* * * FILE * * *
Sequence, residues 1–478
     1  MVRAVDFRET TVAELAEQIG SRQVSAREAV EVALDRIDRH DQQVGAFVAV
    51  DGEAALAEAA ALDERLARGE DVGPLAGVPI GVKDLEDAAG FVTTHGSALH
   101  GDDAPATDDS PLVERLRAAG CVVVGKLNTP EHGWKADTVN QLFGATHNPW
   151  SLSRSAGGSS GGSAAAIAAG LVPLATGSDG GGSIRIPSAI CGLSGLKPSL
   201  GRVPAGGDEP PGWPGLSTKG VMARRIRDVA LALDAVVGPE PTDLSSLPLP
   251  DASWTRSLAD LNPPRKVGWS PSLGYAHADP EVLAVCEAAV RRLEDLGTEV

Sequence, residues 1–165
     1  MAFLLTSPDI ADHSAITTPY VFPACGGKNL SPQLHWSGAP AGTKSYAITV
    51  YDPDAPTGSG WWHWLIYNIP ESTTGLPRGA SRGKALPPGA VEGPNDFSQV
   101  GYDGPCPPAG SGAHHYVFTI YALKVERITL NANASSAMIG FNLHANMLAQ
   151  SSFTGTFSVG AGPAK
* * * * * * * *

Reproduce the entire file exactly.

Sequence, residues 1–478
     1  MVRAVDFRET TVAELAEQIG SRQVSAREAV EVALDRIDRH DQQVGAFVAV
    51  DGEAALAEAA ALDERLARGE DVGPLAGVPI GVKDLEDAAG FVTTHGSALH
   101  GDDAPATDDS PLVERLRAAG CVVVGKLNTP EHGWKADTVN QLFGATHNPW
   151  SLSRSAGGSS GGSAAAIAAG LVPLATGSDG GGSIRIPSAI CGLSGLKPSL
   201  GRVPAGGDEP PGWPGLSTKG VMARRIRDVA LALDAVVGPE PTDLSSLPLP
   251  DASWTRSLAD LNPPRKVGWS PSLGYAHADP EVLAVCEAAV RRLEDLGTEV

Sequence, residues 1–165
     1  MAFLLTSPDI ADHSAITTPY VFPACGGKNL SPQLHWSGAP AGTKSYAITV
    51  YDPDAPTGSG WWHWLIYNIP ESTTGLPRGA SRGKALPPGA VEGPNDFSQV
   101  GYDGPCPPAG SGAHHYVFTI YALKVERITL NANASSAMIG FNLHANMLAQ
   151  SSFTGTFSVG AGPAK